So how can users improve their chances of receiving funding?
“Blockchain,” explains Koo, “is a database, and the end-goal of that database is to be hacker-proof.”
It’s one thing to leverage blockchain wholesale for use within a game, but practicality has to be the primary answer given to why it was used.
So what separates a bad concept from a great one? To Koo, it’s a matter of asking what blockchain can really influence in-game, and championing it.
Always ask: what is blockchain good for in gaming?
“[Within the current market] what is valuable at this point is if there are any teams that have not done an ICO, and they are utilizing the blockchain element that already exists, they’re building their projects around it, they’ve done so, and are generating some real use cases around it. To us, that is the top tier.”
Whether you’re targetting a population of blockchain users through an ICO, an item sale. Or you’ve decided to work towards a cohesive strategy to put in front of venture or angel funding, it’s also about showing real value through an ecosystem that can grow over time.
An example of this includes blockchain games that orient themselves around user-generated content.
“what is so valuable within that database that you’d want to store? In my opinion, one of these is user-generated content. Because if I make something as UCC for a game, I want everyone to know that I created this, and if it has any value on the platform, then I want to get something out of it.”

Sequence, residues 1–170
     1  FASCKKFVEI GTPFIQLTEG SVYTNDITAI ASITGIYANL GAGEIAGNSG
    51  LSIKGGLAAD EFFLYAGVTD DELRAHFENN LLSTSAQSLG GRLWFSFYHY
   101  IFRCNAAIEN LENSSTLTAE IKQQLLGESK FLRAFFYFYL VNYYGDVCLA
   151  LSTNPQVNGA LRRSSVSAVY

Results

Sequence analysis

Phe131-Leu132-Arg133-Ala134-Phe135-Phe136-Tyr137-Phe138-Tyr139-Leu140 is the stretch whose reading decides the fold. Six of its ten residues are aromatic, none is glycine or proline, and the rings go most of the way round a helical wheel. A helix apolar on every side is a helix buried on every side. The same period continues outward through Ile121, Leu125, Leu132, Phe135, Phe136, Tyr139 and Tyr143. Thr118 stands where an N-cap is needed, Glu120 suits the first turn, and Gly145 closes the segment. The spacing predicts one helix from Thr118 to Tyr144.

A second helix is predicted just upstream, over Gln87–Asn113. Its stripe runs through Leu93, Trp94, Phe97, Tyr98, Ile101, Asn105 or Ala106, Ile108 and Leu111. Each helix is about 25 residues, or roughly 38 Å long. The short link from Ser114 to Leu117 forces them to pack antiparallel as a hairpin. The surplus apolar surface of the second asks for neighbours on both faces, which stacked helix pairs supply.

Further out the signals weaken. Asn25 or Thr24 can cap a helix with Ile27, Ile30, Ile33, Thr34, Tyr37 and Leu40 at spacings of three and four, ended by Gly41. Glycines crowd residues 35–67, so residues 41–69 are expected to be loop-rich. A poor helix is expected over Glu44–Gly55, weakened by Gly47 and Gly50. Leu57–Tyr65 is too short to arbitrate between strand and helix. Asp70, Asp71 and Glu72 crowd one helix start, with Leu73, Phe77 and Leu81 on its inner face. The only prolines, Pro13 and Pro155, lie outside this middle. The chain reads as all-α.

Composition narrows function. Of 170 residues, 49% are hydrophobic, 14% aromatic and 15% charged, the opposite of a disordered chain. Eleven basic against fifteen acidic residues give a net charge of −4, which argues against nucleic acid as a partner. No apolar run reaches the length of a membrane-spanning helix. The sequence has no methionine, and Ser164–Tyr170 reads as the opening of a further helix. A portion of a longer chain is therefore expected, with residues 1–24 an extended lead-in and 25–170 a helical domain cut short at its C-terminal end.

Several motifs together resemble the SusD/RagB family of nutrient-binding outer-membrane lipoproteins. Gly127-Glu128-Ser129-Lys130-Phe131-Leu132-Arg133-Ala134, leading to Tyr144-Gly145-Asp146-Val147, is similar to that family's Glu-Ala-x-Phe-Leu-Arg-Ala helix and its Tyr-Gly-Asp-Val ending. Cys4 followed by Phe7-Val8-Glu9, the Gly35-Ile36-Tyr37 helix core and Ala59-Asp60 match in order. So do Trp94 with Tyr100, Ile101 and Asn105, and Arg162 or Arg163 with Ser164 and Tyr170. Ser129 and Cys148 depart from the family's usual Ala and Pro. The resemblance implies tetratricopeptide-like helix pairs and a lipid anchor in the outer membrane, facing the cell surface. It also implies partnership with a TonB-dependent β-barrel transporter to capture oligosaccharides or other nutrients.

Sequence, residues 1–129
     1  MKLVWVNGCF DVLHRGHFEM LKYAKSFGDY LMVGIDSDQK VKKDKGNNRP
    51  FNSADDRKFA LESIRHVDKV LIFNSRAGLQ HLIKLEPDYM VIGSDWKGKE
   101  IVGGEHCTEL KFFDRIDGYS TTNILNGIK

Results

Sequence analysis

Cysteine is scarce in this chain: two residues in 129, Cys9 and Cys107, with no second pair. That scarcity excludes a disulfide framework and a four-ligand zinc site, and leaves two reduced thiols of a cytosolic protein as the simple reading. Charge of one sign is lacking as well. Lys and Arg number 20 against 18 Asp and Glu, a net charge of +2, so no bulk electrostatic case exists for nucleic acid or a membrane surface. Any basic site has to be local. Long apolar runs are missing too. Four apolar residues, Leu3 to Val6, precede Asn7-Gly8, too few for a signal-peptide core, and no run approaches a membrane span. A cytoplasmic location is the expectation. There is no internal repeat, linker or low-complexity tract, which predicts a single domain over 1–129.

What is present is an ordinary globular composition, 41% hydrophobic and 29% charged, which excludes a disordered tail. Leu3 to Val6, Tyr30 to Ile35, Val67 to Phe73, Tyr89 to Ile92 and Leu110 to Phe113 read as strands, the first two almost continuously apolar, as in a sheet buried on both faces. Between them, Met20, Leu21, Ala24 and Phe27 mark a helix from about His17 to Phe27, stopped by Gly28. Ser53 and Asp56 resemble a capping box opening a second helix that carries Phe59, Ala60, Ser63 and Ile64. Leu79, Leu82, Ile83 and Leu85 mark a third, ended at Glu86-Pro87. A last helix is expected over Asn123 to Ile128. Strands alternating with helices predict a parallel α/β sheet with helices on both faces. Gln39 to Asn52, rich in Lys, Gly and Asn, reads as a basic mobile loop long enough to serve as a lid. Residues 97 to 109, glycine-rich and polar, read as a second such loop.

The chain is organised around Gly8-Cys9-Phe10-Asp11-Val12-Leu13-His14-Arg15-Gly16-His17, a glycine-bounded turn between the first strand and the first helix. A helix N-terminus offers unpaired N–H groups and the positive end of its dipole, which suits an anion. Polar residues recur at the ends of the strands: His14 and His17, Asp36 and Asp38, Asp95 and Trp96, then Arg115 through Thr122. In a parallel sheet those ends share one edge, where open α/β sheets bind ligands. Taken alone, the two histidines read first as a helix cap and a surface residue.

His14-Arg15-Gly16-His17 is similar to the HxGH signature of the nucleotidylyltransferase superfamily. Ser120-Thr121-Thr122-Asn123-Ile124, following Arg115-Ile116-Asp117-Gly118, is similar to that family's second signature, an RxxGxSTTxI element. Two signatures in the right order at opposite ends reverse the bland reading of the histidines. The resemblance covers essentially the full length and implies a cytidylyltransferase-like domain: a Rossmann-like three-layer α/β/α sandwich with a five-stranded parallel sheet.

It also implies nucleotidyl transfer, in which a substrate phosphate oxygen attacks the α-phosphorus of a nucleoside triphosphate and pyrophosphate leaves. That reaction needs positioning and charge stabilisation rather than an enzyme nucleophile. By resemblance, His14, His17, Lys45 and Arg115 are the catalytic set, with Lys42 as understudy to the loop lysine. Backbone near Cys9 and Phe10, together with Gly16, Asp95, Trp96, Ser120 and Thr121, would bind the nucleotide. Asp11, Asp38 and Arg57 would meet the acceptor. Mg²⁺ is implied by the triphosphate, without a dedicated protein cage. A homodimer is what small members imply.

Be true to your own vision, and don’t emulate others [too closely]
“Despite a correction in the past six months, valuation expectations from developers remain rather elevated,” Churchouse adds.
The VP of EOS VC goes on to talk about the habit of imitation that has proven prevalent in this space.
While it makes sense to emulate a formula that has proven successful. The end result is a heavily diluted vision.
“In particular for blockchain games that tightly mirror the CryptoKitties model and assume they’ll naturally find the same level of success simply because they’re ‘on blockchain’.”
The real answer, according to Churchouse and Koo, is a blend of considering what blockchain can add. But, more importantly, how it can contribute to your broader vision of your product.
“We all know that blockchain can offer i.e. verifiable scarcity, trust, transparency and player-owned game economies to a mainstream audience, dramatically enriching the gaming experience, and eventually bring new gaming models we haven’t even thought of yet.”
Last but not least – NETWORK!
For anyone that has read ‘digital tulips,’ it has some relevance here. In the study, there was a direct correlation between interactivity and just general activity on social media with the success of that company pre and post fundraising.
While this is the case with ICOs, it remains true for fundraising, regardless of the type. Gary Bracey argues that the best way to market your game is to be THERE for players. Whether that’s attending conferences or simply replying on social media.
“Whether it’s an STO or an ICO – It’s expensive. You’ve got to go to conferences, you need to network.” Bracey goes on to state that it goes a long way to answer questions from the community, and prove that the project has staying power.
“And most importantly, you need to prove that your project is viable… It’s a really really expensive thing to do, and you need a lot of funding behind you if you want to successfully market your game.”